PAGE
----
With just a week to go before you make the full move, you can really get packing most of your belongings. Leave out any items that you will need over the next week, but you should make an effort to use as little as possible so that most of your belongings can be boxed away.
Start by packing an overnight bag with all of your personal essentials. This will be for your first night in your new rental and for the next day after your move. The last thing you want to do after a full day of moving your belongings is to dig around in boxes to find pajamas, your toothbrush and other essentials. The overnight bag should be with you, and you should have it ready with everything that you will need for the next 24 to 48 hours. You should also put all of your important papers, such as your legal or personal information and your rental agreement, in a single envelope in your overnight bag for easy retrieval.
Use your other clothing to pack fragile household items, such as dishes and decorative knickknacks. By using your own clothes, you are protecting your breakable possessions while also getting all of your clothing packed.
Try to pack your items in layers, but make sure that all your containers are solid so that nothing shifts or breaks in the moving process. Mark each of your containers by its destination, such as the kitchen or your bedroom, so that the container can be placed directly in the correct room of your new rental. This will help you unpack faster.
Take the time now to purchase some household cleaning supplies both for your current residence and for your future rental. You need to clean your current residence before you turn your keys over to your landlord, and you may also want to clean your new rental before you begin unpacking. Although the new rental may look clean, there is something nice about using your own scent and style of cleaning products to make the new place feel like home.
Day of Move
On the day of your move, make sure that you are ready at least a half an hour before your team of movers is scheduled to arrive, whether that is a group of professionals or your friends and family.
Place your overnight bag and envelope of important documents somewhere that you will not lose it in the bustle of the moving process. It's a good idea to put these on the front seat of your car, with your handbag or somewhere that you will not lose track of them.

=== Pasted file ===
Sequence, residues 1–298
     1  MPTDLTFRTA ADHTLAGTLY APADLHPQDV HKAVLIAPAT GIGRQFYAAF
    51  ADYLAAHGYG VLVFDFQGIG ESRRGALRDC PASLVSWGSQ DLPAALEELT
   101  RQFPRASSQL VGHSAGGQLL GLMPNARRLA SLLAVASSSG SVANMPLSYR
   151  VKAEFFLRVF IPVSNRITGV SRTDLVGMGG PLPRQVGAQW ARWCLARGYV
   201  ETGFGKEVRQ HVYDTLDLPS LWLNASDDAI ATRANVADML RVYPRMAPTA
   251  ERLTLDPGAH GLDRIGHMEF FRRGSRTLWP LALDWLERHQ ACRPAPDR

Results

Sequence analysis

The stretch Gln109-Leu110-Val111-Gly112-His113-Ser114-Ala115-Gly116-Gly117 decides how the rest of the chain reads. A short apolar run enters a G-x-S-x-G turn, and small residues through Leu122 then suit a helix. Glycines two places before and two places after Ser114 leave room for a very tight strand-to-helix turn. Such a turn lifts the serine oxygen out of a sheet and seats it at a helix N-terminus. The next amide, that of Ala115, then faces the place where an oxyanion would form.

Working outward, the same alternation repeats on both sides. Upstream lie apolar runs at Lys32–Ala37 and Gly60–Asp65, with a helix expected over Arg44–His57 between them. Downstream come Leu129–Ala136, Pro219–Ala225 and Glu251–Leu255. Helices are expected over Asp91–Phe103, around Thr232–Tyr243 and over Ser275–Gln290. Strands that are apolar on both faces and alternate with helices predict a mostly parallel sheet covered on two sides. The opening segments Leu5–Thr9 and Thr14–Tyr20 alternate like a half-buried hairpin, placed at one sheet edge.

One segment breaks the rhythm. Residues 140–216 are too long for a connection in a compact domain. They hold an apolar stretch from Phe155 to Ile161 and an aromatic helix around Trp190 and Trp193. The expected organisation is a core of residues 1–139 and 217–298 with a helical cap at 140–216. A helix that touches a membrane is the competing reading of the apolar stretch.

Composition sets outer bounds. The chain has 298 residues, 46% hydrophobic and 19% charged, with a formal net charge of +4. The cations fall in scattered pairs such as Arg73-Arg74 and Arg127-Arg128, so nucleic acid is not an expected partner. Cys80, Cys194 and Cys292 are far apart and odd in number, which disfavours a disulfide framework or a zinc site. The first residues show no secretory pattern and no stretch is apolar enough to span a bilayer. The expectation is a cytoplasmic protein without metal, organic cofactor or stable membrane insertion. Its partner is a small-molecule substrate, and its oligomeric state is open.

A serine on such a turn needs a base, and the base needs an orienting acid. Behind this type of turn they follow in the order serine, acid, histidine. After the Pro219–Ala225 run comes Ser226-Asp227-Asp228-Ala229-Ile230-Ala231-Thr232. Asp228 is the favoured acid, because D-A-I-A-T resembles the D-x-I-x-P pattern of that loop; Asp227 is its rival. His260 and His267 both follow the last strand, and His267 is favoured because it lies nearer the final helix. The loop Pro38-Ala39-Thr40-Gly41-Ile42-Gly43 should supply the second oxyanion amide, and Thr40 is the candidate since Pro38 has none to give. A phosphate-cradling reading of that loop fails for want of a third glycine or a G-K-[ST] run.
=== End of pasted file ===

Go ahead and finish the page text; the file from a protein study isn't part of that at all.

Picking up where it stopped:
After all your belongings have been moved out of your current residence, take the time to walk through every room and to open every cabinet door and drawer. The longer you have lived there, the more likely it is that you have left something behind. While you are walking through each room, take pictures of the property as you are leaving it. If there is damage, document it. These images may come in handy if there are disputes over damage or over the return of your security deposit. Once you are satisfied that you have been very thorough, you can return your key to your landlord. Some landlords may require you to complete this walkthrough together.
Upon your arrival at your new rental, you should again walk all the way through the space, taking pictures and noting pre-existing damage. These images could become necessary when you decide to leave this rental as well. Help your moving team bring all your belongings into the residence, putting each labeled container in the appropriate room. Although you may be eager to start unpacking these containers, most of that can be done another time when you do not have a team of movers waiting on your guidance in placing your possessions.
Once everything is moved into your new rental, you can begin unpacking the containers, rebuilding your shelving and hooking up your electronics. If you do not have the time or energy on moving day, you have your
overnight bag prepared, so you do not have to stress about doing everything all at once.
Trying to prepare for a move to a new rental can be stressful if you leave every detail until the day of the move. However, if you plan ahead for the weeks and months leading up to your change in residence, and you complete small tasks along the way to the final moving day, the process will be much smoother and less stressful.